Likewise, she said Trump’s immigration policy would subject every undocumented person to deportation and that would entail a massive law enforcement presence that involved moving people out in trains and buses – a plan that would rip America apart. When her Wikileaked correspondence was brought up, she said 17 US intelligence agencies agreed that the hacking was done at the behest of those at the top in the Kremlin and said Putin has a clear favourite in the US presidential race and that Trump was willing to spout the Russian president’s line. Trump had, she claimed, built his hotels on Chinese steel and given jobs to Chinese steel workers, not Americans. Donald also whined a lot; he has, at various points, suggested that many American institutions were rigged, including the FBI, Republican primaries, the courts and even the Emmys. When Trump called the Clinton Foundation a criminal enterprise, she contrasted the latter’s work in health and education with the Trump Foundation which bought a six-foot portrait of the tycoon with the money. When Trump mentioned that Bernie Sanders had questioned Clinton’s judgment in the past, the latter pointed out that Sanders endorsed her as a candidate and had, in fact, called Trump the “most dangerous candidate to run for president in the modern history of this country”.
Trump showed yet again that he cannot focus his mind on a policy issue for more than 30 seconds; he generally veers off in a random direction or boils a complex topic to a single point or sound byte or simply pronounces that the opponent’s policy is a disaster. A question about the principle when picking a Supreme Court nominee produced a formulaic answer on the 2nd Amendment and the right to bear arms. A question on the need for a grand bargain between tax increases and cuts in spending to manage an impending crisis in social security led to a rant on Obama care. All that Trump seemed capable of doing on every issue was to simply remember his position without being able to think aloud, reflect on an issue and offer detail on his policy.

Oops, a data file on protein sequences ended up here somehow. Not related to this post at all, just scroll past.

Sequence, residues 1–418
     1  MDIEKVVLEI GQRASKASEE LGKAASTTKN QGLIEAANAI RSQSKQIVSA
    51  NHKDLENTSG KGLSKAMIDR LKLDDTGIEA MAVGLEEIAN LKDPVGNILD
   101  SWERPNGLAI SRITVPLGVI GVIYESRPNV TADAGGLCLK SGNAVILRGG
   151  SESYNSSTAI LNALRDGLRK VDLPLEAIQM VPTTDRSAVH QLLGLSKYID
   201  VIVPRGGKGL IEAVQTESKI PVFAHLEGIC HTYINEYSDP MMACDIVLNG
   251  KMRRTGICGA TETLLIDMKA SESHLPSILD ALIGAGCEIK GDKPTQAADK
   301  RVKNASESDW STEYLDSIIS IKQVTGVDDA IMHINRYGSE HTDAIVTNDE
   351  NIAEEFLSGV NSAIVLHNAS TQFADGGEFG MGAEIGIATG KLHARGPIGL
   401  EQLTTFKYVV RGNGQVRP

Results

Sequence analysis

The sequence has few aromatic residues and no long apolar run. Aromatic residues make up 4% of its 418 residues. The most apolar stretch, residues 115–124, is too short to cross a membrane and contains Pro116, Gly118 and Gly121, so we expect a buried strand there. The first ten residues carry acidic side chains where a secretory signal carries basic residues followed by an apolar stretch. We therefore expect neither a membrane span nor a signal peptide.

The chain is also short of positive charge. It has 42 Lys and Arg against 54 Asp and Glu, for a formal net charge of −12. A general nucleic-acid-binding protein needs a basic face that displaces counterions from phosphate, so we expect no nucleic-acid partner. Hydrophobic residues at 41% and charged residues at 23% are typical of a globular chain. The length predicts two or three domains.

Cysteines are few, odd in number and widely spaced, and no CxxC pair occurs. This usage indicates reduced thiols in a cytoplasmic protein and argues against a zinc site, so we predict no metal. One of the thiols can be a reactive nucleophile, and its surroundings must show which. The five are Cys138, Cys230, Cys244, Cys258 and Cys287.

Trump also repeated a lot of lines he has used during the campaign and in previous debates. Iran got $150 billion from a flawed deal (not true), Clinton backed the Trans-Pacific Partnership (true), “nobody has greater respect for women than me” (!!), “her friends” Warren Buffet and George Soros took bigger tax deductions than him (false), and that George Patton and Douglas MacArthur would be spinning in their graves about US policy in the Middle East.
Trump is clearly out of his depth on policy issues and his smug bravado did not get him very far in the debate. He senses defeat but wants an extension of airtime which is why he was non-committal about accepting the outcome of the election, saying “he will look at it at the time”.
Trump is, unfortunately, planning to be a nuisance to America and the world long after November 8.
The views expressed are personal.